The exhibition continues through September 6, 2021.
The Public Has a Right to Art: Keith Haring’s Art & Activism Tuesday, July 27, 7:00–8:00pm EST A live Zoom lecture about Keith Haring’s art and activism, led by Dr. Leesa Rittelmann. More info…
Keith Haring 3-Day ‘Funshop’ for Kids (ages 6-8) Mon-Wed, July 19-21, 9:30–11:30am Young artists will explore the colorful and expressive art of Keith Haring. More info…
Keith Haring 3-Day Illustration Workshop for Kids (ages 9-12) Mon-Wed, July 19-21, 1:30–4:00pm A series of projects inspired by the bold, expressive artwork of Keith Haring and the artists and illustrators who inspired him. More info…
The collection of contemporary Japanese ceramics, displayed in the Everson Museum of Art (lower level) is a breathtaking representation of experimentation and whimsy in clay.
The beautiful thing about this exhibition, as with the previous one in this space, is the circle of trust – trust that visitors will not touch; trust that nothing will break. Some pieces are behind glass, like caged animals and others roam free on mirrored and lighted shelves, allowing patrons to appreciate the details up-close-and-personal-like.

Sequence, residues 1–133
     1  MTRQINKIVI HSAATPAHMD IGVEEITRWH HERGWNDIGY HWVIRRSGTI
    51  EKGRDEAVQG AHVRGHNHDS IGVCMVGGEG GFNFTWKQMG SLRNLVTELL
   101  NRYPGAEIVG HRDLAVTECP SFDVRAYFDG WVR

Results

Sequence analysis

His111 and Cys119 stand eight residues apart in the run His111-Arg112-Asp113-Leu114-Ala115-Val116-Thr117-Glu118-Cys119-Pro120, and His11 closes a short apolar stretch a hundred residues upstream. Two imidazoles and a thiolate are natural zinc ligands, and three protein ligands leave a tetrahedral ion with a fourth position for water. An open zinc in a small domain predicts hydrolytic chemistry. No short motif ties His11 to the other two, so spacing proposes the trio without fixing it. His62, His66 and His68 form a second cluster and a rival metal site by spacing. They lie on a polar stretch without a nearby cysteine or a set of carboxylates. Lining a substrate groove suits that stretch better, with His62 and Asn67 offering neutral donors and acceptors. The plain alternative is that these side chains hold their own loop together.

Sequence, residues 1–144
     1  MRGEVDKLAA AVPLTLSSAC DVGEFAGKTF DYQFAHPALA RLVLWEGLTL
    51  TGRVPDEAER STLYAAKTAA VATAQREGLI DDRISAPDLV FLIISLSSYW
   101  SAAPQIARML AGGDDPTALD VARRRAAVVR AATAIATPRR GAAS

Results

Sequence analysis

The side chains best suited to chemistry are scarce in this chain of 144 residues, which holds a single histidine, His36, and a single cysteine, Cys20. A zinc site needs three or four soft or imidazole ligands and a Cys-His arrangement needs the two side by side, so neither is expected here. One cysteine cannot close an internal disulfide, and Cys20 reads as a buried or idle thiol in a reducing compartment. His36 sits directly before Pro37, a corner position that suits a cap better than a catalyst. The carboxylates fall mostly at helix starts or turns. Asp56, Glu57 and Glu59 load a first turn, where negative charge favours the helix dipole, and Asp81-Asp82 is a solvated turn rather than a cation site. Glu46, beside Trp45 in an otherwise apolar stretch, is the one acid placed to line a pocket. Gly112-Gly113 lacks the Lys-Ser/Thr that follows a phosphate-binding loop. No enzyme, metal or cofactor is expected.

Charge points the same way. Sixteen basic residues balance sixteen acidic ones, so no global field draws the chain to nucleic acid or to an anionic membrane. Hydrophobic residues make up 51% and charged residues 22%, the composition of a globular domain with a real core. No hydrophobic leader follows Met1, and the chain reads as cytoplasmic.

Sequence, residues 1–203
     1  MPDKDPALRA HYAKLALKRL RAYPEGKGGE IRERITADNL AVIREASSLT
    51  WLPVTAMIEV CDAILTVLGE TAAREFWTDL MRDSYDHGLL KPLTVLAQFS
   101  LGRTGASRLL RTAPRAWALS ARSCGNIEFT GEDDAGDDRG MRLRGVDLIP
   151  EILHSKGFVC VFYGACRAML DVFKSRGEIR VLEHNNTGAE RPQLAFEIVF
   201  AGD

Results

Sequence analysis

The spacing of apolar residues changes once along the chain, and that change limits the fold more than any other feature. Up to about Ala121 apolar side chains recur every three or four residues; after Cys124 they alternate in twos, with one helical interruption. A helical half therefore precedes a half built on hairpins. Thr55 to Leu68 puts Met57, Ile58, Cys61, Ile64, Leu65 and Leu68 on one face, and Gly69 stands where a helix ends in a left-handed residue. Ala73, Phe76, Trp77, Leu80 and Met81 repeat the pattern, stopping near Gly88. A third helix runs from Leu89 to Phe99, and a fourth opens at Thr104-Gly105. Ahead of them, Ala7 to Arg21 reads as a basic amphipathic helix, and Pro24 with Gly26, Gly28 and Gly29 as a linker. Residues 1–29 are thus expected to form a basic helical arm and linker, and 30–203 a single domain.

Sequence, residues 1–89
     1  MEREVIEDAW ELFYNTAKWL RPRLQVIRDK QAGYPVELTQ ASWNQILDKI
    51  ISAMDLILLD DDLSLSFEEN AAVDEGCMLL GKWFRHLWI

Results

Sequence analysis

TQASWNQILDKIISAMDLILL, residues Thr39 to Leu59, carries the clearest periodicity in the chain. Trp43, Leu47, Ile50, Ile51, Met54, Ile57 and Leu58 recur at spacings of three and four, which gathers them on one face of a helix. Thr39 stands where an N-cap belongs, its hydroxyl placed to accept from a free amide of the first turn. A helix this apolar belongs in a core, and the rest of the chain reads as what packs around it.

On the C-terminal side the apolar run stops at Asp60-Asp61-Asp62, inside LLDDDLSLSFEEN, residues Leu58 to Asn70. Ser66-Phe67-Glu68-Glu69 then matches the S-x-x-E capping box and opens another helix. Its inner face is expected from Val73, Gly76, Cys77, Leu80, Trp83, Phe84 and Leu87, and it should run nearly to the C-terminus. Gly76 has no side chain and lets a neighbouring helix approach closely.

It is incredibly inspiring to view the concepts unfolding within decades, the mastery of cut, shape, form and glaze application.
For many years, the Everson Museum of Art was known for its ceramics collection, the largest in the nation. Now they are going forward with American art, I think, although maybe that is just with regard to the upstairs holdings.
The Everson Museum of Art is open! I mean, it’s been open – I just didn’t know it. I was able to catch the tail end of the Lacey McKinney show, Reconfiguration. The Everson Bulletin states the show’s run ended on the 24th so…lucky me and my friend Penny.
*The show has now been extended to February 28, 2021 so…lucky you!